Our laboratory is interested in uncovering the link between environmental signals (e.g., viruses and phytohormones), fundamental cellular processes (e.g., mRNA export, translation, a target of rapamycin (TOR) protein kinase signaling pathway), and plant growth and organogenesis.
A major topic in our group concerns the non-canonical mechanisms used to reinitiate translation on mRNAs that harbour upstream open reading frames (uORFs) within their leader regions. uORFs regulate expression of genes coding for potent proteins such as cytokines, protein kinases and transcription factors. The TOR signaling pathway connecting environmental perception to growth decisions positively regulates translation initiation in mammals. We found other routes of TOR function in planta when using the TOR upstream effector, the phytohormone auxin, that by triggering TOR activation up-regulates translation of uORF-containing mRNAs. However, the pathway is far from being elucidated. We shall address questions about novel TOR upstream effectors and downstream targets, and show their role in translation control in plants.
Toward this goal we study how these cellular translation pathways are hijacked by the Cauliflower mosaic virus (CaMV) to achieve translation of its 35S polycistronic mRNA via reinitiation. CaMV protein TAV that activates viral translation via activation of TOR serves as an excellent model to study mechanisms of activation of TOR and reinitiation events.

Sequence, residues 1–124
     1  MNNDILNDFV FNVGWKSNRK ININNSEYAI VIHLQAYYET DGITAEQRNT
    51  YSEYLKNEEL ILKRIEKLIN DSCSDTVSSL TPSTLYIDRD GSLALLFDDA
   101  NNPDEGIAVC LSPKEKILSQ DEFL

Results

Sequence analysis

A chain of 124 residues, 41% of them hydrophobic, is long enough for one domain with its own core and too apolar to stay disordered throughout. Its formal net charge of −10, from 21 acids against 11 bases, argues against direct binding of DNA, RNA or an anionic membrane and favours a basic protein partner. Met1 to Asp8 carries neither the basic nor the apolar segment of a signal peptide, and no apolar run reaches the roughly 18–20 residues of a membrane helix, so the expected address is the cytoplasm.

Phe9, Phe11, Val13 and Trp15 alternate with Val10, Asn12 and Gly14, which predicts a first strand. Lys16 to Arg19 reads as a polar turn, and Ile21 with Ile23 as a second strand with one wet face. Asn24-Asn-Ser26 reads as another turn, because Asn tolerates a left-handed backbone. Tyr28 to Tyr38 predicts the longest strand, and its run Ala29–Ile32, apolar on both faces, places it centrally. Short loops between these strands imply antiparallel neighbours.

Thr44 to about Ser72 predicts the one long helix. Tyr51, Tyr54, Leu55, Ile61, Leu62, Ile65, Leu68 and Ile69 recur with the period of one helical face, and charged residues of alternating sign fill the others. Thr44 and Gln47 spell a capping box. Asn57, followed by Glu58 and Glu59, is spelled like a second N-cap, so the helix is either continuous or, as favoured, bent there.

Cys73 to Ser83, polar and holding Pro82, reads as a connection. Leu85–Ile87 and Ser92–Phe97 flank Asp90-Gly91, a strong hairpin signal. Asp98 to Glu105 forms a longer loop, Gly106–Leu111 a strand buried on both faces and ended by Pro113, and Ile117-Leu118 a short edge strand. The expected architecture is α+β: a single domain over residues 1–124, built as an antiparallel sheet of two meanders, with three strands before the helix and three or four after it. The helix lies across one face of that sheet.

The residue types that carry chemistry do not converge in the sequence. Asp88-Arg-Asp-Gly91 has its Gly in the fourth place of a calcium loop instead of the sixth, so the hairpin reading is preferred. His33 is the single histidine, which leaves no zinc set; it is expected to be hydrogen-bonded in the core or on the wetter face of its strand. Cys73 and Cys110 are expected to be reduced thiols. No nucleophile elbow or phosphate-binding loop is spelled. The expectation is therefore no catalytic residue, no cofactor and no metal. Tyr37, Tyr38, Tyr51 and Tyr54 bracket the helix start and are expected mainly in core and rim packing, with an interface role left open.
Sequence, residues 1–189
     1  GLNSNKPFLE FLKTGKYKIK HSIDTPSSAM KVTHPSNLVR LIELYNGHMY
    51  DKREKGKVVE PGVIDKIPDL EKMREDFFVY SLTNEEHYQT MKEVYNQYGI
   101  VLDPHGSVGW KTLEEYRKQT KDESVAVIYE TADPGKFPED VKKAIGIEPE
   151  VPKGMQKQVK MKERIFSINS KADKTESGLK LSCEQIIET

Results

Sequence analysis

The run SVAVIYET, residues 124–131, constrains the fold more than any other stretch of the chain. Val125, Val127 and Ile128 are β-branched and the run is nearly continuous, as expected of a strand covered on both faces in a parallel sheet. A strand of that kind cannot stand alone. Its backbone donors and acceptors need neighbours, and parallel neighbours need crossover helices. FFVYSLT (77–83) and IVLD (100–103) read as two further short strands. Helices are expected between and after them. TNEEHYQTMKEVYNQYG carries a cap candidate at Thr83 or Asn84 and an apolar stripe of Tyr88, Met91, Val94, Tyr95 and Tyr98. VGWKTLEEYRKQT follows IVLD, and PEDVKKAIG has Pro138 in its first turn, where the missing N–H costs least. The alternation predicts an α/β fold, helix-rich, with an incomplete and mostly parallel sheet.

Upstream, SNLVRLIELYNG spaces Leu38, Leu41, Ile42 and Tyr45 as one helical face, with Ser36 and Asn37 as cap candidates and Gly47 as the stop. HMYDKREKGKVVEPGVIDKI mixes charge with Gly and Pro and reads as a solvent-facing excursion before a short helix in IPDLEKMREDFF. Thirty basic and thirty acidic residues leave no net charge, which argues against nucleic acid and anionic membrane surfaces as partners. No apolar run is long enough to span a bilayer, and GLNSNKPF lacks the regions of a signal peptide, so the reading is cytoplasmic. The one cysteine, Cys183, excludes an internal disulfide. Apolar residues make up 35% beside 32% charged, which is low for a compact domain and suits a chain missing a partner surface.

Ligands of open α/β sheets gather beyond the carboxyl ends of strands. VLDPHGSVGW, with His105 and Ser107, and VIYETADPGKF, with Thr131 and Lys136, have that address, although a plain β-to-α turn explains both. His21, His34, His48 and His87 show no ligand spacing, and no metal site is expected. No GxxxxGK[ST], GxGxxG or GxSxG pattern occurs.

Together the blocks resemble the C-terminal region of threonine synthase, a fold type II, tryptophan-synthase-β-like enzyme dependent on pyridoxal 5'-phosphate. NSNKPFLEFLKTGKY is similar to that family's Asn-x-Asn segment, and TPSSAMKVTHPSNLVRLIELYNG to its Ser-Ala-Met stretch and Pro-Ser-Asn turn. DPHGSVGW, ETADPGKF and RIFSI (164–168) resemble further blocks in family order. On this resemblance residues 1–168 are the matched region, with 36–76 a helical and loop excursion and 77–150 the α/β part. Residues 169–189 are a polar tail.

Nuclear export of mRNAs as ribonucleoproteic complexes via the Tap/p15 or CRM1 exportin pathways is widely studied in yeast and in metazoan. In plants, however, this crucial step in cell biology and in translation regulation remains almost unknown. We are focusing on deciphering the nuclear export mechanisms of plant and phytoviral mRNAs using CaMV and its spliced and unspliced 35S RNAs as model system.
Target of rapamycin, TOR, in translation initiation and reinitiation control in plants
Project manager: Lyubov RYABOVA
Rapid modulation in production of regulatory proteins can be achieved at the translation level using a multitude of specific mRNAs. uORFs located within the leaders of many mRNAs act as prevalent translation repressors that, in plants, are under control of TOR—a central controller of growth. Translation of uORF-containing mRNAs depends on a reinitiation mechanism that is far from elucidation in eukaryotes. Here we aim at investigating uORF-responsive translation (re)initiation mechanisms and their control by TOR using the shoot apical meristem as a model. In mammals, TOR controls translation efficiency by attenuating the repressive effect of eIF4E-binding proteins (4E-BPs) on cap-dependent translation initiation, while its role in plant cap-dependent translation initiation remains to be clarified. We are aiming to further investigate the role of TOR in plant translation control.
Funding—ANR ReinitiaTOR 2018